When you are at the start of your journey to better credit, you will understand that the options open to you in terms of new credit cards and being accepted for them will be far narrower than if you are 700+ and being offers cool cards left, right and center.
This, of course, makes sense to your potential lenders, as it’s likely that you may have had issues in the past keeping up with payments, or over-spending on cards and having high balances.
However, there will always be options. Credit Card companies have a plan for you whatever your circumstances. It also gives you the practice of changing your habits for the better. Once you have started to change these ingrained habits, you’ll be able to upgrade to better options at a good, gradual pace.
You will find that the APR interest rates will tend to be higher, the credit limits lower and there is more chance of paying an annual fee. Not all these things should be viewed as problems.
Higher limits are NOT what you need if you have a bad credit history. You need manageable and achievable targets. You will be aiming here for keeping your balance at 29% or less of the available credit anyway. You will be paying off that balance or what you owe regular as clockwork.
With the high-interest rates, you will also want to make sure your balance is always kept low and your payment obligations met.
And an annual fee can be a price worth paying to get your credit score headed in the right direction.
Most credit cards are defined as ‘unsecured’, meaning that the card issuer isn’t asking for any guarantee that you can pay what you owe. There is nothing securing your debt to them in terms of your ability to pay. So, a ‘secured’ card means very simply that you DO have to offer some security to the card issuer.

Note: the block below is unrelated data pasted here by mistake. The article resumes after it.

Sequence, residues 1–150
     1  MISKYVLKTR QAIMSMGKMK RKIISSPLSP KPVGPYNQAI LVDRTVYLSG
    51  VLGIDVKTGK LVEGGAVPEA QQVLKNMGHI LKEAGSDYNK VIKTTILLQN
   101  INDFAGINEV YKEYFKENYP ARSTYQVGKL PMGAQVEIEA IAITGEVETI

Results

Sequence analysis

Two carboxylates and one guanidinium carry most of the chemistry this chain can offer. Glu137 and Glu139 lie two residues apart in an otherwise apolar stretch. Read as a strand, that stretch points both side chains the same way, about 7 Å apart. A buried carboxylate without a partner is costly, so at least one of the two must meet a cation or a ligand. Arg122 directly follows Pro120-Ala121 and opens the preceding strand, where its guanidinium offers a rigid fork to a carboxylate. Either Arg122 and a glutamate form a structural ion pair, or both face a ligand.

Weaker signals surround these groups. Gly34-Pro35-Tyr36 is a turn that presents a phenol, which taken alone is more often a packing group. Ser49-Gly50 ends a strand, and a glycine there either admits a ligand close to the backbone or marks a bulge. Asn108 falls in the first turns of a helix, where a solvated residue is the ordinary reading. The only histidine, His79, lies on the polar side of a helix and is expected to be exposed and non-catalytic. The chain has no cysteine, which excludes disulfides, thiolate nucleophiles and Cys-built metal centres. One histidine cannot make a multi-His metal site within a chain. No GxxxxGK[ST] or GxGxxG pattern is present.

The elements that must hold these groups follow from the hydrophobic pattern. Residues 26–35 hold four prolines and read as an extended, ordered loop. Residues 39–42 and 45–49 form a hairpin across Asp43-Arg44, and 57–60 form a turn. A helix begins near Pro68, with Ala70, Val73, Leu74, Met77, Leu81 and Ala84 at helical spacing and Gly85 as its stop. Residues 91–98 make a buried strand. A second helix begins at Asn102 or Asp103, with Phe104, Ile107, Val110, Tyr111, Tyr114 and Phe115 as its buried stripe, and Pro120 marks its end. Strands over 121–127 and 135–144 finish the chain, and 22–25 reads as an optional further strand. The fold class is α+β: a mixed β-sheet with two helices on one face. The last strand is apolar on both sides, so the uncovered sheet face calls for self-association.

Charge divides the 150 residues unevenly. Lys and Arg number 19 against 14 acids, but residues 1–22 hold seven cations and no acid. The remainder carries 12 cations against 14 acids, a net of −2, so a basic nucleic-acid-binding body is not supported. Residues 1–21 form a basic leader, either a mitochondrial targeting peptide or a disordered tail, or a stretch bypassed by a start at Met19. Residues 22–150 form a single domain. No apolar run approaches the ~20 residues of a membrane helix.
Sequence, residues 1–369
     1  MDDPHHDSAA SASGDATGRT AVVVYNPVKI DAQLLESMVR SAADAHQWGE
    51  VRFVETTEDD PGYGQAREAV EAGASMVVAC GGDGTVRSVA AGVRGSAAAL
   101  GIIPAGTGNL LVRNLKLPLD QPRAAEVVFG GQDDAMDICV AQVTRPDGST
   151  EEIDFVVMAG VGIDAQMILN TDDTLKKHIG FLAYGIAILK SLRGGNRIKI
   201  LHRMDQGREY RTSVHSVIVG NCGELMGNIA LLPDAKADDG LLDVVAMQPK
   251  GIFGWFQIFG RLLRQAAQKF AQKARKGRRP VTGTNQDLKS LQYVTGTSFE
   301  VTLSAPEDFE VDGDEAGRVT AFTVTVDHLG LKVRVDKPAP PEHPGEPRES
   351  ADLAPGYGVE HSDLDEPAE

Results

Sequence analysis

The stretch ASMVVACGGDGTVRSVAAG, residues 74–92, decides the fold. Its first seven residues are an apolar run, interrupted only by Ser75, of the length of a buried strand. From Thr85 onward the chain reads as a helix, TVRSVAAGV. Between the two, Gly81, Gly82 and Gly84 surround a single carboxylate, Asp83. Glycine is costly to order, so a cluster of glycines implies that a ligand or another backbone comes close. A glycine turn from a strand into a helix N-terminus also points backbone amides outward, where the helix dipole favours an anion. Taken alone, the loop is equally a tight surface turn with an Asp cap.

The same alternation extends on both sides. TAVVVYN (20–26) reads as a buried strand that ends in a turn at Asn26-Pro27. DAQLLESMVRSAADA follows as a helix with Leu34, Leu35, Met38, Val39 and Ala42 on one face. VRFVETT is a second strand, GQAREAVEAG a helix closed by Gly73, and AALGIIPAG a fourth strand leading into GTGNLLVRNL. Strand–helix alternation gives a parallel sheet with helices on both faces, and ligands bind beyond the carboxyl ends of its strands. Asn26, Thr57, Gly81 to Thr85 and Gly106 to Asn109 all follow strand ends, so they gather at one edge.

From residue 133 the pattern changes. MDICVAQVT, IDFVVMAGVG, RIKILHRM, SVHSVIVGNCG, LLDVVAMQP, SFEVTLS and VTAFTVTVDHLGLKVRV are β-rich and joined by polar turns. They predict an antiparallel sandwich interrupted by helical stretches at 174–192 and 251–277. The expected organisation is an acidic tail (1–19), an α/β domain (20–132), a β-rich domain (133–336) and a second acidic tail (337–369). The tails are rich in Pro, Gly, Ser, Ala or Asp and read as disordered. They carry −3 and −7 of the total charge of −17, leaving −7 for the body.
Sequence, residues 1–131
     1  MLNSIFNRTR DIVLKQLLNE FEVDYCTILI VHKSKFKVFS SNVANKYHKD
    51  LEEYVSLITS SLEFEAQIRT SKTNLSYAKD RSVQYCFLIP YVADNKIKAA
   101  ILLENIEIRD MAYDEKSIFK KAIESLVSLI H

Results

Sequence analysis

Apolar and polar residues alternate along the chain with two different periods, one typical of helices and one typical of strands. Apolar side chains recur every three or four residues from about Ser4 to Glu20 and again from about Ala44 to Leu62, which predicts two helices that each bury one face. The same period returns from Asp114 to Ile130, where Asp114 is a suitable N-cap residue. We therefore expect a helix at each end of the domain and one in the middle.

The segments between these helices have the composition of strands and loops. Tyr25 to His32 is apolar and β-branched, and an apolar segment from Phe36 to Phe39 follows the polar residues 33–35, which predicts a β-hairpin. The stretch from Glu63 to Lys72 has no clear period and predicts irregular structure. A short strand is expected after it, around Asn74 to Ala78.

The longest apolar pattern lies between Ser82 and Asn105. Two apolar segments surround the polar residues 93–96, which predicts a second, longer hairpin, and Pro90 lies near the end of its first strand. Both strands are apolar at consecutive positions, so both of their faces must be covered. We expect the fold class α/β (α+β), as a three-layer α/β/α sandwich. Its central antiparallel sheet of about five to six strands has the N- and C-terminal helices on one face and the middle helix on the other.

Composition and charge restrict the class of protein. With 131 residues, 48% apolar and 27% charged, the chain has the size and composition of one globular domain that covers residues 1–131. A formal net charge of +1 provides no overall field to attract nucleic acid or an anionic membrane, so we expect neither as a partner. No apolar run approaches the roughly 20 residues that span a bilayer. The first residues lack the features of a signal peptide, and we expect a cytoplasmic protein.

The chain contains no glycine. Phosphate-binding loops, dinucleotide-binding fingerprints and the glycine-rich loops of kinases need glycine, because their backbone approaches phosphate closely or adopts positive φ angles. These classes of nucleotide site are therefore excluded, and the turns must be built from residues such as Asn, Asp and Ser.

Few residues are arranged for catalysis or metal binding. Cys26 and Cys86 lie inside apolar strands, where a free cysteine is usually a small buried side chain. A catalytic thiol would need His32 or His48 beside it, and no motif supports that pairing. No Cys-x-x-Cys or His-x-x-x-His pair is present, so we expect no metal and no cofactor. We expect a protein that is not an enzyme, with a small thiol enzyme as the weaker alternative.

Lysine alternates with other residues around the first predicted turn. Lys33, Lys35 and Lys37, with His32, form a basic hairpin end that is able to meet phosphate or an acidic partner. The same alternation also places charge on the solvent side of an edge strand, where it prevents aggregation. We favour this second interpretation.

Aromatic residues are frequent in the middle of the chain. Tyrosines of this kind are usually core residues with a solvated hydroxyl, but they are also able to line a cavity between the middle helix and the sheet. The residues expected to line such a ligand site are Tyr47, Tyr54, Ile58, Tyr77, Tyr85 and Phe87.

These are often a very good (or sometimes the only) option for particularly bad credit. When you open a ‘secured’ credit card part of the deal is that you pay a certain agreed amount upfront to cover the risk for the issuer. So, effectively, there is a pre-pay element. These options are definitely not the same as pre-paid cards, as you will still be borrowing from the issuer. Pre-paid cards also do not have an impact on your credit score.
You must still formally apply for these cards, so there will be a ‘Hard Inquiry’ recorded on your credit report. That inquiry will effectively set the amount you will be asked to secure the card with. Deposit amounts can start as low as $200 but may be a lot higher than that. Once your deposit amount has been set, you can choose whether to accept the agreement.
One of our employees started on his credit repair journey by taking out a Target RED card. Store cards can often have a lower barrier to entry than the more mainstream credit cards. Match up the store card you apply for to the store you use most, then think of these cards not as ‘credit cards’ per se. Rather use them to pay for your groceries (often with the % discount included – for example, Target RED is a flat 5%) and then go home and pay off that entire balance. Getting into this habit, you are both going to have a positive impact on your credit score, plus you are saving on your purchases. Walmart has a great store card too, offering great cashback advantages. These are great and simple ways to save money and improve your credit rating.
Just be sure to pick very carefully, do your research and do not apply for too many cards. Too many ‘hard inquiries’ into your credit will have a negative effect. Pick one or two options and concentrate on doing a good job of payments and balance monitoring. You’ll see the impact quickly.
No, you won’t get the bells and whistles of reward points or cash back with these options, but you will have the immense satisfaction of seeing your credit score and financial position improve.